Weekly Asia Base Oil Report: 03-09 June 2023

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Spot base oil prices in Asia remained under pressure due to weaker demand and ample supplies, and the possibility of planned turnarounds may soon limit spot availability. As prices continued to fall, buyers were wary of amassing huge stocks, while suppliers were open to making small price adjustments. Due to the slow growth of demand in other areas and the necessity to control excess inventories, export transactions were difficult to complete. Geopolitical tensions, fluctuating crude oil prices, persistent economic uncertainty, and other factors all contributed to further clouding the market outlook. Brent oil prices are currently fluctuating between $70 and $75 per barrel, a considerable drop from the average price of $100.93 per barrel recorded in the previous year.

Downward Movement in Oil Futures

Oil futures experienced a downward trajectory on Thursday, although they managed to recover partially from earlier losses of around $3 per barrel. The decline in prices came after both the United States and Iran denied a report suggesting a nearing nuclear deal that would result in the lifting of sanctions on Iranian oil exports. Earlier in the week, oil prices had received a boost due to market expectations of additional production cuts by OPEC+ member countries.

On the ICE Futures Europe platform in London, Brent August futures were trading at $75.51 per barrel as of June 8; this is a modest gain from $72.87 per barrel on June 1. Platts’ financial futures for Dubai front-month crude oil for July finished at $75.90 per barrel on June 7 on the CME, up from $70.77 per barrel on May 31.

Market participants continued to keep a close eye on supply conditions in addition to crude oil and feedstock pricing. Additional volumes should become more readily available as demand slows, while planned turnarounds may limit some of this supply.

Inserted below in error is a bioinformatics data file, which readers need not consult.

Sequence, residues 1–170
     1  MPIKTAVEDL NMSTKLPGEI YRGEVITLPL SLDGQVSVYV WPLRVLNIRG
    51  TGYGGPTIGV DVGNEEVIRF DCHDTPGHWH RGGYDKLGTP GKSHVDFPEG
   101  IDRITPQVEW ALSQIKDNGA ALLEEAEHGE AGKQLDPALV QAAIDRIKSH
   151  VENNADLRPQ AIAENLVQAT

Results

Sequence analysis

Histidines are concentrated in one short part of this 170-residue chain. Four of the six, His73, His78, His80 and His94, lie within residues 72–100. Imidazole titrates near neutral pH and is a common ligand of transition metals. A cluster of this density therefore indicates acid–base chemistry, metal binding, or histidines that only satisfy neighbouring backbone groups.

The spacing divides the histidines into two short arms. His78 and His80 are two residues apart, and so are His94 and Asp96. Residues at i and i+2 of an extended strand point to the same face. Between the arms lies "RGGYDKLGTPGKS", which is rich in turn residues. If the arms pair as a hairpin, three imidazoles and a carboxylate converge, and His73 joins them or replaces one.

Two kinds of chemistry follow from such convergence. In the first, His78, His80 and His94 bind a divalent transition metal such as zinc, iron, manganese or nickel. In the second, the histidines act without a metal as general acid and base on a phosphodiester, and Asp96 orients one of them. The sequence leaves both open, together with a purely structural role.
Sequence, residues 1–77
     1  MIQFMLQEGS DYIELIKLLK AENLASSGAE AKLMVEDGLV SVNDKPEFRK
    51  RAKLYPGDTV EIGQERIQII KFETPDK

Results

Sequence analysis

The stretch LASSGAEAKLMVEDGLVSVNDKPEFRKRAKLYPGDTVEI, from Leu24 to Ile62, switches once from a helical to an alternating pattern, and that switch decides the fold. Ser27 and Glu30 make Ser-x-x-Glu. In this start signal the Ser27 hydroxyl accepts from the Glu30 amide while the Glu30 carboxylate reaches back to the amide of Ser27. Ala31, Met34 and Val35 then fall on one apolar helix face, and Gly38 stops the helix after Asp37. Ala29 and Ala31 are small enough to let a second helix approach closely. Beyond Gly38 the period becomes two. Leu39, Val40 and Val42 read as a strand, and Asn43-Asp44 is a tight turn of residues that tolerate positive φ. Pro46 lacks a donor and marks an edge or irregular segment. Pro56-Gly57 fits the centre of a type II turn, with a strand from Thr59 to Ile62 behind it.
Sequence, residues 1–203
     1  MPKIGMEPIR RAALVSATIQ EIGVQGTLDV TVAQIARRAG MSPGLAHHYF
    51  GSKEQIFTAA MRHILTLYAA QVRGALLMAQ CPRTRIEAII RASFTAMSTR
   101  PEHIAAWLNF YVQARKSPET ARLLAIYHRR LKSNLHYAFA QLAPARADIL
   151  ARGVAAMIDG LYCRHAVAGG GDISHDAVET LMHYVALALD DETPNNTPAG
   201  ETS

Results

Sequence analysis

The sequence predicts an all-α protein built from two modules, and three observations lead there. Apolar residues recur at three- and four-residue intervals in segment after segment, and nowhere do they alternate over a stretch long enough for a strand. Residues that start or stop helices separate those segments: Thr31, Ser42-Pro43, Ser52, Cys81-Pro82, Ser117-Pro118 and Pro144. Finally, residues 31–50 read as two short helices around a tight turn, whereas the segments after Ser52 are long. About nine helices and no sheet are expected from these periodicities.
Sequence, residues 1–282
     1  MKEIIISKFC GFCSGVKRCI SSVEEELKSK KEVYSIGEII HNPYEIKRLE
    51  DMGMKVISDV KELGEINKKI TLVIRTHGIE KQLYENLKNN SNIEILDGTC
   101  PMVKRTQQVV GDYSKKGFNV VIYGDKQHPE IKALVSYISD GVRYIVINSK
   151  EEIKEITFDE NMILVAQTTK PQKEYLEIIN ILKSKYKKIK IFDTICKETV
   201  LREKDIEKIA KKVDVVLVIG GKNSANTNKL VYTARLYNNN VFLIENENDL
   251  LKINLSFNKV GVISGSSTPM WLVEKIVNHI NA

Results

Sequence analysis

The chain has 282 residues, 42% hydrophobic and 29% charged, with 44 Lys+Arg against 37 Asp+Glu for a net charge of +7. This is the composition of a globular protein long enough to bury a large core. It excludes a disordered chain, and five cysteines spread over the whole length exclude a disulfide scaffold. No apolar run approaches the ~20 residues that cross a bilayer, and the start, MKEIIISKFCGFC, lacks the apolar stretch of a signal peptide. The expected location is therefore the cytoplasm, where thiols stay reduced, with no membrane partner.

Base Oil Trends In Southeast Asia

In Southeast Asia, a significant source of API Group I material, reduced availability of Group I base stocks was observed due to recent maintenance and unplanned outages at certain Indonesian plants. Furthermore, a major facility in Singapore underwent maintenance of its base oil trains from late April to early June, primarily impacting Group II supply. However, it was expected that the producer would resume full operations this month. In terms of regional shipments, discussions were underway for a potential 2,000-metric ton cargo to be shipped from Malacca, Malaysia, to Map Tha Phut, Thailand, in late June or early July.

Base Oil Trends In South Korea

In Northeast Asia, a South Korean producer of Group II and Group III base oils had initiated an extended turnaround in late May, which is scheduled to continue until July. As a result, spot shipments to regular outlets in Europe and the Americas have been limited.

In spite of reduced supply from the producer, there were ongoing discussions regarding several cargoes for export from South Korea. One of the shipments being considered was a 2,000-metric ton parcel from Onsan to Merak and Ciwandan, Indonesia, scheduled for late June. Additionally, approximately 3,700 tons were expected to be shipped from Ulsan and/or Yeosu to Batangas and Manila, Philippines, in early July. Another shipment under consideration ranged between 8,500 tons and 9,500 tons, originating from Daesan and Ulsan and destined for Singapore and Port Klang, Malaysia, during the first week of July.

Base Oil Trends In Japan

Meanwhile, a Japanese refiner had reportedly commenced a two-month turnaround at its refinery in late May, which was anticipated to impact Group I base oil output and limit availability from the producer. Another Japanese producer had already initiated a turnaround in April and was expected to conclude it in June, affecting Group II output.

Base Oil Trends In Taiwan

Refinery maintenance is underway for the sole Taiwanese Group II producer, expected to be completed in June and July. However, the impact on base oil output is anticipated to be minimal. The producer has also scheduled a turnaround at its base oils plant in October, prompting inventory buildup prior to the shutdown, which in turn limits spot sales. Currently, the supplier is actively shipping significant quantities of base oils to China and other destinations within Asia.

Base Oil Trends In China